Brad,

If this is the same locomotive at the same location as illustrated in "Shays Crabs and Phosphate" page 124 then it is General Electric 9402 (B/No. 17938 of 1943) in Drumsite yard.

It looks like the same locomotive and same location to me, but from a different angle.

Regards,

Frank


On 23/06/2015 12:13 PM, Brad Peadon alcogoodwin@... [LRRSA] wrote:
 
Chaps,
           Here is a photo being used in the next online project.

https://flic.kr/p/awfj4G

  A mental blank has me trying to work out which of the 79 class it would be.

  Can you help?

Brad

--


Noel Reed
 

The 44 ton loco buried in the bush appears to be one from the USA via NSWGR.  The headlight appears the same as the 79 class.  NSWGR type marker lamps were attached outboard of the engine covers. These marker lamps were the type commonly fitted to brake vans and carriages which ran at the rear of trains.

 

The red and white colours were selected by a rotating knob projecting at the bottom of the marker lamp case.  The loco in the bush has two mounting holes (probably for the marker lamp) which can be seen near the right side of the ladder (which would have been fitted after NSWGR use).  The hand rails at the side of the loco appear different to those on the 79. The front hand rail and ladder appear to be additions.

 

I never took many pictures of the 79 class locos  as during my photographic years they seemed to be a fixed part of Sydney Yard. I did however take the attached picture of 7920 shunting the 1954 Royal Train at Eveleigh carriage works sidings (commonly known as Elston’s siding after an early works manager  W. Elston).  The two 40 class locos painted blue which hauled the Royal Train can be seen in the distance.

 

Noel Reed.  

 

From: LRRSA@... [mailto:LRRSA@...]
Sent: Tuesday, 23 June 2015 7:19 PM
To: sncs@... [LRRSA]
Subject: Re: [LRRSA] Christmas Island 79

 

 

Apologies for the endless emails.
Keep meaning to leave work, but keeping finding additional.

From Wikipedia (so it just has to be correct)


Disposal & preservation[edit]

In October 1974 the two NSWGR units were sold to the British Phosphate Commissionfor use on Christmas Island. In 1979 both were rebuilt by FR Tulk, Perth with CaterpillarD3306 engines and lower profile noses.[6] This railway closed in 1987.

  

 

On Tue, Jun 23, 2015 at 7:15 PM, Brad Peadon <alcogoodwin@...> wrote:

Here is another shot of a loco on Christmas Island

https://flic.kr/p/ohRSuE

He is listing this as a Whitcomb.

Brad

 

On Tue, Jun 23, 2015 at 7:09 PM, Brad Peadon <alcogoodwin@...> wrote:

Hi Noel,
             Are you saying the one in the shot above is not one of the 79 class?
  I saw a shot of the other type that were delivered and while the lowering of the nose on the 79 class made them look similar, I thought it was to far removed in cab look to be one of the 79 class.
 The loco in this shot does appear to have had its cab corners cut back as per the modification made to the 79s by NSWGR.

  About to finish work for the day. Will try to locate the shot of the other loco heavily buried in bush.

Brad

 

On Tue, Jun 23, 2015 at 6:33 PM, 'Noel Reed' noelreed10@... [LRRSA] <LRRSA@...> wrote:

 

The loco pictured was one of those which went to the phosphate railway at Christmas Island..

 

The head light and marker lights are different to be those used on the 79’s on the  NSWGR. Knuckle couplers were not used on those in Sydney as most carriages shunted in Sydney Yard were screw coupled.

 

The 79s used in Sydney also had the sides of the cab roof mitred to conform with the loading gauge.  This would have been a modification after importation from the USA.  Do ARHS archives give any indication of its origin?

 

Noel Reed.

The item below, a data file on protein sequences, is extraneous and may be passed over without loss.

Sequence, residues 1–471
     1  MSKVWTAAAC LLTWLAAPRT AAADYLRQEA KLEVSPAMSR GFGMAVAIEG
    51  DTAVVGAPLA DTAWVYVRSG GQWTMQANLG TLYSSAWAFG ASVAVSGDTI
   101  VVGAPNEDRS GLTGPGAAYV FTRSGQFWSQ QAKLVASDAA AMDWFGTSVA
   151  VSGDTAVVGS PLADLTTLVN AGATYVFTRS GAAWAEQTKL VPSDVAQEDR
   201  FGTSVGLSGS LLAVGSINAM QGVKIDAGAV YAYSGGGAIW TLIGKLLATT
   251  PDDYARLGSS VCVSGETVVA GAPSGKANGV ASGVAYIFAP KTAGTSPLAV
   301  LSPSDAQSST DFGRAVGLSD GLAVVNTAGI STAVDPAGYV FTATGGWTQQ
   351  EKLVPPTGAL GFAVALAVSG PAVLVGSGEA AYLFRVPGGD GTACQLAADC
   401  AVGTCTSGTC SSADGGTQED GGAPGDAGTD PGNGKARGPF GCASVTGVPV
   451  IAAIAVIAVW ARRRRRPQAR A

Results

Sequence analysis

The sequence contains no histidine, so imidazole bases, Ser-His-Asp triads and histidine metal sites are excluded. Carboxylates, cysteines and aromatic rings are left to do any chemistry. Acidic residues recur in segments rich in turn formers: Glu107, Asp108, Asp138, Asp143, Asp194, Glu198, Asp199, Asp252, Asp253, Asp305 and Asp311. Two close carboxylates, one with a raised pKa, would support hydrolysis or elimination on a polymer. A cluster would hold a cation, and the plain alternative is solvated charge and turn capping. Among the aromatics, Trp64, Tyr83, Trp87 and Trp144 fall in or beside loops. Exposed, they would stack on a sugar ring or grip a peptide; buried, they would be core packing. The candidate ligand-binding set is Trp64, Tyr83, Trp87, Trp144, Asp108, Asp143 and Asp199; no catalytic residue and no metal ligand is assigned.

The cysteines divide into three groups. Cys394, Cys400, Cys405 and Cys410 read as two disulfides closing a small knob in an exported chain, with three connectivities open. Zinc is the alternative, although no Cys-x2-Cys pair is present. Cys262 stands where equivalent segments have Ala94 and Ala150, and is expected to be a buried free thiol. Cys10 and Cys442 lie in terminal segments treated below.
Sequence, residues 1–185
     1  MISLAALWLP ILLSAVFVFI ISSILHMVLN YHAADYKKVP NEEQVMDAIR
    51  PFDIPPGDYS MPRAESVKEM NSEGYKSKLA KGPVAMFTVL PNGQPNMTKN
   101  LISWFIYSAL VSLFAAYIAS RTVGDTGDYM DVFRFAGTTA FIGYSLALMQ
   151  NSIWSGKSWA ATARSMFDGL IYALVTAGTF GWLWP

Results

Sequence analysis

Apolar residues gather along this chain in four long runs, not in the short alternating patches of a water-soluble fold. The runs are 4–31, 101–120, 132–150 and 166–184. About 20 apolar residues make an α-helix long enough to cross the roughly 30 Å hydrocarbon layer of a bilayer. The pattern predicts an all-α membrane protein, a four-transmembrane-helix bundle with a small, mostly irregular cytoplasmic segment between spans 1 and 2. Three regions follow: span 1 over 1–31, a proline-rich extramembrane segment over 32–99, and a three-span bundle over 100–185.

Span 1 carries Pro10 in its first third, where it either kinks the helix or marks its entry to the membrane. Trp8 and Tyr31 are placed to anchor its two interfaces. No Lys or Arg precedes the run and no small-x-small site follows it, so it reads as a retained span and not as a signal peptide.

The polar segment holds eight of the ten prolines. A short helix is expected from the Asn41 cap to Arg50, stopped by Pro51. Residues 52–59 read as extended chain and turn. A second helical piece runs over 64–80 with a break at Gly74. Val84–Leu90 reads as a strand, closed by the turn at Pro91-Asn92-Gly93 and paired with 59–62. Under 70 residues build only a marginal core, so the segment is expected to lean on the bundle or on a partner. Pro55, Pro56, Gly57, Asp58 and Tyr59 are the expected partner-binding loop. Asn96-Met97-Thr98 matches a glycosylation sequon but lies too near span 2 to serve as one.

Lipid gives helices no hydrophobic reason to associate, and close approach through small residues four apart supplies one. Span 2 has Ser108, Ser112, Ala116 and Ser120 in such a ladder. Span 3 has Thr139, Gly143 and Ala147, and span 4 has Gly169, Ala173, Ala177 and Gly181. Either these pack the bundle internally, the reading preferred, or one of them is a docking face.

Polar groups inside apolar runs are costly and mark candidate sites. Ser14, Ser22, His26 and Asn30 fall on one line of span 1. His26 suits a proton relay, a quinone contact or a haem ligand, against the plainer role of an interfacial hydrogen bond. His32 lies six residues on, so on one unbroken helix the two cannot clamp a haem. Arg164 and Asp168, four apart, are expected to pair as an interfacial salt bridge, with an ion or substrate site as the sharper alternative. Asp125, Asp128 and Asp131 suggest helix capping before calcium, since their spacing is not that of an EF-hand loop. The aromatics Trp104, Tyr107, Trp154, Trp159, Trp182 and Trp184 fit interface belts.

--



 

--



 

--

No virus found in this message.
Checked by AVG - www.avg.com
Version: 2015.0.6030 / Virus Database: 4365/10080 - Release Date: 06/22/15


Philip G Graham
 

This heavily-modified GE 44T is definitely one of the ex NSWGR 79-class. After having been purchased from NSWGR, the unit was shipped to Western Australia for re-building to Christmas Island requirements. As you say, the 44T in NSW had the buffer/drawhook combination and the mounting plates for the buffer housings can still be seen. As well as auto-couplers being fitted the unit was re-engined, and the engine hoods modified. The Mansard roof was as delivered, as GE built from new other 44T and 45T Dropcabs with this restricted clearance feature during WWII.

Photographs of the O&K V36 working on Christmas Island are rare.

-PGG-


John Browning
 

There were three 44-ton Whitcombs and three 44-ton Canadian Locomotive Works locos on Christmas Island as well as the two 94-class GEs.

If you do not have a copy of David Jehan’s Christmas Island book, you really need to get hold of one.

 

John

 

John Browning

Brisbane

Australia

 


Brad P
 

Thanks Frank.
Was just sent another shot.

https://www.flickr.com/photos/bluebec/3240903694/

Number on side would seem to confirm is as 9402.

Regards
Brad




On Tue, Jun 23, 2015 at 7:50 PM, Frank Stamford frank.stamford@... [LRRSA] <LRRSA@...> wrote:
 


Brad,

If this is the same locomotive at the same location as illustrated in "Shays Crabs and Phosphate" page 124 then it is General Electric 9402 (B/No. 17938 of 1943) in Drumsite yard.

It looks like the same locomotive and same location to me, but from a different angle.

Regards,

Frank



On 23/06/2015 12:13 PM, Brad Peadon alcogoodwin@... [LRRSA] wrote:
 
Chaps,
           Here is a photo being used in the next online project.

https://flic.kr/p/awfj4G

  A mental blank has me trying to work out which of the 79 class it would be.

  Can you help?

Brad

--





Brad P
 

Hi John,
            Your very right. Been going to purchase for ages, obviously I have left to much for to long.

Brad

On Thu, Jun 25, 2015 at 12:22 AM, 'John Browning' ceo8@... [LRRSA] <LRRSA@...> wrote:
 

There were three 44-ton Whitcombs and three 44-ton Canadian Locomotive Works locos on Christmas Island as well as the two 94-class GEs.

If you do not have a copy of David Jehan’s Christmas Island book, you really need to get hold of one.

 

John

 

John Browning

Brisbane

Australia